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Antarctic Stations

Mission Overview

  • Location: Antarctica
  • Environment: Isolation
  • Hazards Tested: Hostile environment, isolation

Research Updates

  • Team Dynamics Research

On October 25, 2019, two Human Research Program funded studies completed their final data collection sessions for the 2019 winter-over period at the National Science Foundation’s (NSF) McMurdo and Amundsen-Scott (South Pole) stations. These two studies were integrated into a single study protocol with procedures and measures shared between the two investigations. The final sample consisted of a total of 24 subjects, with 4 subjects at South Pole station and 20 subjects at McMurdo station, participating in the period from April to October 2019.

One study, Shared Cognitive Architectures for Long-term Exploration (SCALE), explored how social relations and team cognition are affected by isolation and confinement. This research may help enable teams to maintain and improve recall of shared knowledge and have a better understanding of the consequences of poor team performance.

A companion study to SCALE is titled Crew Recommender for Effective Work in Space (CREWS). This study uses the research data for developing a computer model that can help select the best crew team.

  • Two New Immunology Studies Accepted for Antarctica Winter-Over 2020

The National Science Foundation (NSF) has accepted two immunology-focused studies for this upcoming winter-over season. Winter-over in Antarctica is roughly March through October. The first, led by Dr. Brian Crucian, will examine immunological response of subjects at the Palmer coastal station, focusing on similarities to responses seen in astronauts onboard the International Space Station (ISS). The second, led Dr. Satish Mehta, will study the effectiveness of preventative measures to suppress viral reactivation in subjects at McMurdo and Amundsen-Scott (South Pole) stations. Next steps include subject recruitment, personnel training, and logistics (e.g., shipping of consumables and medications).

Antarctic Stations

  • McMurdo Station

    The United States’ Antarctic Program (USAP) maintains McMurdo. Scientists believe that Antarctica’s climate, terrain, temperature, and isolation provide an environment on Earth that most closely parallels the conditions of isolation and stress to be faced on long-duration human missions in space. This analog provides a unique and accessible test bed to develop prototype systems and technologies for use on the Moon and Mars.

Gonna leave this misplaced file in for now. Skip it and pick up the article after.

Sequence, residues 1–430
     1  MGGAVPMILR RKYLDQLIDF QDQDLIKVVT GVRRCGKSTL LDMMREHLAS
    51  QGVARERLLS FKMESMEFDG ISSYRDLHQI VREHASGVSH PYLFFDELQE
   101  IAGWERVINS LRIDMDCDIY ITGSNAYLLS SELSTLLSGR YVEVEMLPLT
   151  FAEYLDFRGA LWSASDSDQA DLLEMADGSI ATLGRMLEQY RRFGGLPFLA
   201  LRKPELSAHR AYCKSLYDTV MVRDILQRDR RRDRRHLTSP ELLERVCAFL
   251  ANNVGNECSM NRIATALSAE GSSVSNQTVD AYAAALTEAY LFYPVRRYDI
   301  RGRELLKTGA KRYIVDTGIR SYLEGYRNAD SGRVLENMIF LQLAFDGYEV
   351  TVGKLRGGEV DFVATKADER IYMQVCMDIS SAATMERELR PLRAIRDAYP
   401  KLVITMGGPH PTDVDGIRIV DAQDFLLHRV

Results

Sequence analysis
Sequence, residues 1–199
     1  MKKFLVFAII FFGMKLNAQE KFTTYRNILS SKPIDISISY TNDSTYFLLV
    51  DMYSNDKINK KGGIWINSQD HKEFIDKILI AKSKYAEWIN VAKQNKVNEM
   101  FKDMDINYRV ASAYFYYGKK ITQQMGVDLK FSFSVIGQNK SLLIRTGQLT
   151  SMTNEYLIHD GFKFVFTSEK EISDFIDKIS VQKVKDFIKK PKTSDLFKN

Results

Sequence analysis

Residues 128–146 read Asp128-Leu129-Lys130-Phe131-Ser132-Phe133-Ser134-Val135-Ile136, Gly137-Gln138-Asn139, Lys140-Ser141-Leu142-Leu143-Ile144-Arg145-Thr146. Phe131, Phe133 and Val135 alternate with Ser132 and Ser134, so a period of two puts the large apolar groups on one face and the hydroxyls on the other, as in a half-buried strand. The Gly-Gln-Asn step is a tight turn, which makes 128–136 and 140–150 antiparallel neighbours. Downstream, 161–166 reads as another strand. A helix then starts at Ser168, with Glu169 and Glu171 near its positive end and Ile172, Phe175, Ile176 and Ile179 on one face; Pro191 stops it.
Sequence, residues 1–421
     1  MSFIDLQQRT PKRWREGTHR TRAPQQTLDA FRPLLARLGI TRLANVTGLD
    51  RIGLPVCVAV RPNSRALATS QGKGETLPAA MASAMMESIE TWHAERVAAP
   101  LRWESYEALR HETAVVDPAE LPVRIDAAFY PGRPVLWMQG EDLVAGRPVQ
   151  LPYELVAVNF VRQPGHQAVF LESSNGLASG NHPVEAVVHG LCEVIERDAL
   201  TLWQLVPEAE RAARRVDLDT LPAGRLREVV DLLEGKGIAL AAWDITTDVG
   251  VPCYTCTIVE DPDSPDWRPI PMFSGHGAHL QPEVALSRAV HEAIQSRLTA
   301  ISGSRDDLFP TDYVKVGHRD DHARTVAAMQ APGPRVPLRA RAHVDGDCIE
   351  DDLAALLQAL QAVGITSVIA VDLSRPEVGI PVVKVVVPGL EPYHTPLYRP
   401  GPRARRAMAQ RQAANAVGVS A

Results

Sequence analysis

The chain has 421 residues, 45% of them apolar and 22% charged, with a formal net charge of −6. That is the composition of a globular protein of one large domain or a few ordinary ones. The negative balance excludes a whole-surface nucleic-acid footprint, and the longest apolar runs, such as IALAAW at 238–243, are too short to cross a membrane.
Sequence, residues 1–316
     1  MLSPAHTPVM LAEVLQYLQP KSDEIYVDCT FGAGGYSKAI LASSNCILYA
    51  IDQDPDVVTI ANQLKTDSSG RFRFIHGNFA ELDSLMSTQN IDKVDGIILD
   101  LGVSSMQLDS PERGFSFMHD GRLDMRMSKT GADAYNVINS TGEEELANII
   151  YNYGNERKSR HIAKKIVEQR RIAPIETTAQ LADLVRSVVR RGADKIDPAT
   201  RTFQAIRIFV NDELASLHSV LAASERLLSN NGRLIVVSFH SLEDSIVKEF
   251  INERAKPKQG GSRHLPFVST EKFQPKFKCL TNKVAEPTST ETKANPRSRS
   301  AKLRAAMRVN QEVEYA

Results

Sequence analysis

Research disciplines at McMurdo include astronomy, atmospheric sciences, biology, Earth science, environmental science, geology, glaciology, marine biology, oceanography, climate studies, and geophysics.

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  • Palmer Station

    Of the three U.S. Antarctic stations, Palmer is the only one that is accessed routinely during the winter. This station has a well-equipped laboratory and provides the opportunity for study of Biological, Ornithological, Meteorological, Atmospheric, Glaciological and Marine Ecosystem science.

    Research: Palmer has research focused on the Antarctic marine ecosystem, including sea ice habitats, regional oceanography and terrestrial nesting sites of seabird predators. The station maintains networks for year-round monitoring of global seismic, atmospheric, UV activity and houses a radio receiver studying lightning over the Western Hemisphere.

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    ANSMET is a program funded by the National Science Foundation that looks for meteorites in the Transantarctic Mountains. This geographical area serves as a collection point for meteorites that have originally fallen on the extensive high-altitude ice fields throughout Antarctica.

    Research: A team of four to ten explorers, typically meteorite scientists, live for 5–7 weeks on the ice field. Using snowmobiles spaced 30 m apart they scan the blue ice for meteorites. All of the material collected by ANSMET is curated for the purpose of research and public education.

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